fake news

been large rises in subscriptions to papers such as the New York Times, Washington Post and Wall Street Journal in what has been called “a flight to quality”. Under increasing political pressure, tech companies such

as Facebook and Google have shown signs of being prepared to accept greater responsibility for spreading information that is false, extremist, violent or socially unacceptable in other ways.

London School of Economics academic Damian Tambini argues that the days when the social media giants can remain free to spread fake news and opinion without accepting the responsibilities of publishers may soon be over. Social media companies have been developing artificial

intelligence systems and hiring thousands of human moderators to remove unacceptable material. Washington Post columnist and Pulitzer Prize winning

historian Anne Applebaum was so concerned about the spread of “disinformation” that she co-funded a new institute, Arena, to tackle the problem. While recognising the seriousness of the challenge, she is certain something can be done about disinformation. “I am slightly more optimistic. The first part of dealing with any problem is to be aware that it exists, and the fact that the general public, journalists and the tech companies know that it is real is a step towards solving the problem,” Applebaum argues. The recent 2018 Edelman Trust Barometer, which claims to be the world’s largest study of trust, found that fewer than a quarter of people in the UK trust the American tech giants. At the same time, trust in traditional media such as newspapers and television rose by 13 percentage points in a year to 61 per cent, a six-year high. Hugo Dixon, founder of Breakingviews, now owned by Thomson Reuters, also believes there has been a modest swing back of the pendulum on susceptibility to fake news. “People are a bit more aware they are being told things that

are untrue; not everyone is, but I think there has been a bit of swingback,” says Dixon, who believes the election of Trump may have been the high water mark for the kind of populism that boosted fake news. The former Financial Times journalist, who also set up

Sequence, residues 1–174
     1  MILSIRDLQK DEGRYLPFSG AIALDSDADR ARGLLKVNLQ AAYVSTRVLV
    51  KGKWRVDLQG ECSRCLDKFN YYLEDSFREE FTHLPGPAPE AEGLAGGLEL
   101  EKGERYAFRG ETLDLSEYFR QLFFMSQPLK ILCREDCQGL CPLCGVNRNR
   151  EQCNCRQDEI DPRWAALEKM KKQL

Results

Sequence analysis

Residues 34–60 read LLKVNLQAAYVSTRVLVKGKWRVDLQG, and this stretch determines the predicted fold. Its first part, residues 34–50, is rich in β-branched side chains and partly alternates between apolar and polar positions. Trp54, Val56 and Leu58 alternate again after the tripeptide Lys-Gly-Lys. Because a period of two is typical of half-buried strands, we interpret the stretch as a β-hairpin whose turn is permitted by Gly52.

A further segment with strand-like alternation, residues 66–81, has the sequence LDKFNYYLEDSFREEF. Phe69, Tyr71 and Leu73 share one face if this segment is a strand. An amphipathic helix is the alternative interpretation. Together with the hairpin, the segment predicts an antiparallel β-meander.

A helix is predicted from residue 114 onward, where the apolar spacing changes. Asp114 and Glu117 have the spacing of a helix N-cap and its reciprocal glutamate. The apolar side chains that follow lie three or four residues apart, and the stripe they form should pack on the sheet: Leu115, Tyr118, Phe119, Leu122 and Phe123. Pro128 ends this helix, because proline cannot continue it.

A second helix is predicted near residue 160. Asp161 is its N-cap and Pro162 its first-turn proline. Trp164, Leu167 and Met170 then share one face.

InFacts to monitor press performance during the referendum campaign, now believes that “the more insidious stuff is coming out of the mouths of politicians”. The role of the professional journalist, Dixon argues, is vital

in “stamping on fake news” wherever it is found, and interrogating politicians and exposing any looseness with the facts.

In turn journalists must get their facts rights and make proper corrections when they get it wrong. Phil Harding, former editor of Radio 4’s Today programme and controller of BBC editorial standards, fears that fake news can never be stamped out entirely because it is so multi- dimensional and vast but it can be contained as greater value is placed on professionally checked information. Along with Sambrook, who is a believer in the importance of media literacy, Harding argues that in the longer term the “solution” is a generational one. “Digital literacy has got to form part of the school

curriculum, teaching the next generation to be very sceptical

“ ”

In 2017, the world, not least the media world, woke up and declared war on the toxic, the lazy, the cynical and the downright fake

and wanting to check out the media they use. At the moment they seem to be too trusting and unquestioning and not sceptical enough,” says Harding. Many see fake news as not so much a threat as an opportunity for the mainstream media. Vanessa Clifford, chief executive of Newsworks, a

newspaper marketing organisation, and one who notes that what news brands do magnificently – “disseminating quality news in a trusted environment” – was at the heart of the debate about the future of the digital media marketplace. “In 2017 the world, not least the media world, woke up and declared war on the toxic, the lazy, the cynical and the downright fake. We are going to see the battle continuing, and it’s one that’s definitely worth winning,” insists Clifford. Murray of the Society of Editors waxes positively poetic

about the future of journalism in the battle against fake news. “Some of it [journalism] is tarnished here and there but most of it will absolutely stand up to scrutiny. A free press and media is a precious jewel like a diamond in the rough – even when it is polished there will still be flaws but the light that shines is brilliant,” says Murray.

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